At some point when the thermal is well formed, one needs to see the phenomenon in a wider scale, I think about gently heating sauce in a closed can. At the top part of the thermal, once the cloud is formed, the energy of steam condensation feeds even more the vertical airflow inside the cloud , and this "sucks" the air below it. The air particles then meet the top inversion, where they mix with cold air, cool down, return to gas phase,cool even more, and begin to descend along the thermal body, until they meet the low level layers. As long as the air is heated enough by the surface surrounding the thermal foot so that it is hotter, thus lighter than the flow of cool descending air around the body, the phenomena self feeds.Moreover, as the thermal travels downwind, if constantly finds new hot air from the surface to be alimented with, while it leaves its cold "long skirt" behind it and on the sides.
This is how you can see some thermals travel a good amount of time before dying, despite they don't follow a "hot ribbon" on the ground. Sometimes when waiting at the airfield, you would feel the thermal pass . If there is long enough grass or trees around, you could even see it. Add a sand grain in the machine, and everything breaks.

Extrapolate the phenomenon to a high moisture, high unstable atmosphere with severe wind shear between levels, and the cloud begins to grow more and more, sucks all its neighbors, until it reaches the state of Cb, self alimenting monster that can live even at night or over seas.

In between those extremes , you can see all sort of semi continuous thermals, either clearly "dashed" or simply varying in intensity along the vertical axis, presenting more or less turbulence inside the core itself, but still "in one piece".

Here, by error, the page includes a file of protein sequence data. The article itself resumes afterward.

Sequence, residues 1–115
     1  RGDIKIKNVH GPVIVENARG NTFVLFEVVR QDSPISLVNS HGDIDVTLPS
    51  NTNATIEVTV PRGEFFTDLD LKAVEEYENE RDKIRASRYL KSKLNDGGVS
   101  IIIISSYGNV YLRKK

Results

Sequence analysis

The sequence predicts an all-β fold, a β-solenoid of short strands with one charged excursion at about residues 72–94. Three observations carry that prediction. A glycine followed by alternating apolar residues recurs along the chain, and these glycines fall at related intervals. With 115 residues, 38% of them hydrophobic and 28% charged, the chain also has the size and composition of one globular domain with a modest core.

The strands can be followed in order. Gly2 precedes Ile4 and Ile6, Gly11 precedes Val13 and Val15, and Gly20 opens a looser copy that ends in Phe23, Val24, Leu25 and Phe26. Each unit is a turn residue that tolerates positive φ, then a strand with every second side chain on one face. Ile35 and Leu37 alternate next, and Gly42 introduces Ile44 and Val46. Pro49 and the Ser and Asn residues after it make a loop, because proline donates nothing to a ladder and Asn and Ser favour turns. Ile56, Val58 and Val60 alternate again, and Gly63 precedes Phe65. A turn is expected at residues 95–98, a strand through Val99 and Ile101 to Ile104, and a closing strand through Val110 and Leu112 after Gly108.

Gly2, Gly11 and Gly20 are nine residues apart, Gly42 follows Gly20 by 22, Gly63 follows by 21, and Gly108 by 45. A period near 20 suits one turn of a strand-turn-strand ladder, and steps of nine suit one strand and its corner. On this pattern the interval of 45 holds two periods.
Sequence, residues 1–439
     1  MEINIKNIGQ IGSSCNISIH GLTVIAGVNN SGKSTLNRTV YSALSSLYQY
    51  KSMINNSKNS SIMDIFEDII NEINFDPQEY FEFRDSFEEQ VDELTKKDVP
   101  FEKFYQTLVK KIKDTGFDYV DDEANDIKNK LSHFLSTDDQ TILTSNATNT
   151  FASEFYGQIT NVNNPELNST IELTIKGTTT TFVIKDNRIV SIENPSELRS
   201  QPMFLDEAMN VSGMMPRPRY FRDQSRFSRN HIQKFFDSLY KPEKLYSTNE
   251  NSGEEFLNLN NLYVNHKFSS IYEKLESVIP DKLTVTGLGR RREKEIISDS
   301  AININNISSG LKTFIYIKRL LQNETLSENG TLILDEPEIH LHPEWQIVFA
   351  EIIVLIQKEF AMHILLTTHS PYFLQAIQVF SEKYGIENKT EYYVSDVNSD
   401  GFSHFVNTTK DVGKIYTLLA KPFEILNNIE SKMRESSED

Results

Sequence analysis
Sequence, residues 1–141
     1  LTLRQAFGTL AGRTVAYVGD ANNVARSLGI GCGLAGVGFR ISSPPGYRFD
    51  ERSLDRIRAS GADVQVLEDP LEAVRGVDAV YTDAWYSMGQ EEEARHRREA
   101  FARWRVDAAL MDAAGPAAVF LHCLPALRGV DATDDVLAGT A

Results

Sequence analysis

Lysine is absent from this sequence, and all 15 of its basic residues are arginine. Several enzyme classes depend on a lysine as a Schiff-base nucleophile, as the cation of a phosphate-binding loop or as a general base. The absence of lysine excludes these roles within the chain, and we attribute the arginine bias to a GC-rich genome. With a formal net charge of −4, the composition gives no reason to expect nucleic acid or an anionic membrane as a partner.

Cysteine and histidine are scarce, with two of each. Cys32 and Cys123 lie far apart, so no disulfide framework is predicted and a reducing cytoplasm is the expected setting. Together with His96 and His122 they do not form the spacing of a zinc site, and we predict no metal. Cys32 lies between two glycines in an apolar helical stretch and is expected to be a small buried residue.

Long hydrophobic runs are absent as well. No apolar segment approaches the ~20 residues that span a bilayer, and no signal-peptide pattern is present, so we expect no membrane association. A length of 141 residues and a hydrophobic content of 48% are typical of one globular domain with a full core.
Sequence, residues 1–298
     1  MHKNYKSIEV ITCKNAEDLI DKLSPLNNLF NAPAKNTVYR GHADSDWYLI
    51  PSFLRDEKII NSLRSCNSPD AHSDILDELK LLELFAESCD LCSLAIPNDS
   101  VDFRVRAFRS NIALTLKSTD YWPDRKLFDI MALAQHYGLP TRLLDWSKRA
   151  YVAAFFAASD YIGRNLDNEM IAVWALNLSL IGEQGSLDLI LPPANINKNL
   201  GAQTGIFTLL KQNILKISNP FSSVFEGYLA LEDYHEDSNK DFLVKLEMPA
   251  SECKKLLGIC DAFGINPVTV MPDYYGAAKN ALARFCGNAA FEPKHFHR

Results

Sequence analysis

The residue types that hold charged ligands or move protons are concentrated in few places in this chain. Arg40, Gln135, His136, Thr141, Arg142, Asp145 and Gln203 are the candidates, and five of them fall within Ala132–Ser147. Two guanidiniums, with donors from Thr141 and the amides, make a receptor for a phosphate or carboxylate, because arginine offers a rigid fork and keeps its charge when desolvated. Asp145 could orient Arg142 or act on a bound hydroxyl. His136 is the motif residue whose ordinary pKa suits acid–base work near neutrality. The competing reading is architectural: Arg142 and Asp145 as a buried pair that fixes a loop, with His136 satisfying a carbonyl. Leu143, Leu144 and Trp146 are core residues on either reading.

Here is a nice essay about thermal structure , which I think confirms my thoughts :
http://narroginglidingclub.org.au/downloads/thermals.pdf

Now, considering a simpler model, which would be a simple leaning truncated cone that drifts in the air could maybe give satisfactory results in the sense that you mentioned much before, that is, giving a sufficient feeling for flight simulation, without the need of a supercomputer at home :)

One characteristic that could be interesting to model is that the thermals are usually not straight cones, but instead follow a more complex curve. The slowdown of the air mass close to the ground is not linear, but rather resembles a square or cubic curve. Also, the vertical airspeed of a particle in the thermal body depends on the strengh of the thermal at this height, giving an even more complicated curve, that depends not only from the ground conditions and heating, but also on the larger scale net of thermal/sinks, amount of moisture in the air, and so on....